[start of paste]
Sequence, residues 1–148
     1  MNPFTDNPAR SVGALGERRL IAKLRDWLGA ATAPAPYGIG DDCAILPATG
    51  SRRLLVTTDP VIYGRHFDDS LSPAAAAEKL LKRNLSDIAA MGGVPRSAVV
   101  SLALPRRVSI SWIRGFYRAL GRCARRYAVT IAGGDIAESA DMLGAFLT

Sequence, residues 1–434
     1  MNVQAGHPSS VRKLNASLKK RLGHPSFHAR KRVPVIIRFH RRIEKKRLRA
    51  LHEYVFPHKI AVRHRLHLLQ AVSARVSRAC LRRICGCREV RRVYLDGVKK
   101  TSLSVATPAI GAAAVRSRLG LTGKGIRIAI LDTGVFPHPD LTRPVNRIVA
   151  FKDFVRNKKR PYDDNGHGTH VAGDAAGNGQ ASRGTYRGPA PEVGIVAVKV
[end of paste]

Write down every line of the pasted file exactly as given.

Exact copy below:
Sequence, residues 1–148
     1  MNPFTDNPAR SVGALGERRL IAKLRDWLGA ATAPAPYGIG DDCAILPATG
    51  SRRLLVTTDP VIYGRHFDDS LSPAAAAEKL LKRNLSDIAA MGGVPRSAVV
   101  SLALPRRVSI SWIRGFYRAL GRCARRYAVT IAGGDIAESA DMLGAFLT

Sequence, residues 1–434
     1  MNVQAGHPSS VRKLNASLKK RLGHPSFHAR KRVPVIIRFH RRIEKKRLRA
    51  LHEYVFPHKI AVRHRLHLLQ AVSARVSRAC LRRICGCREV RRVYLDGVKK
   101  TSLSVATPAI GAAAVRSRLG LTGKGIRIAI LDTGVFPHPD LTRPVNRIVA
   151  FKDFVRNKKR PYDDNGHGTH VAGDAAGNGQ ASRGTYRGPA PEVGIVAVKV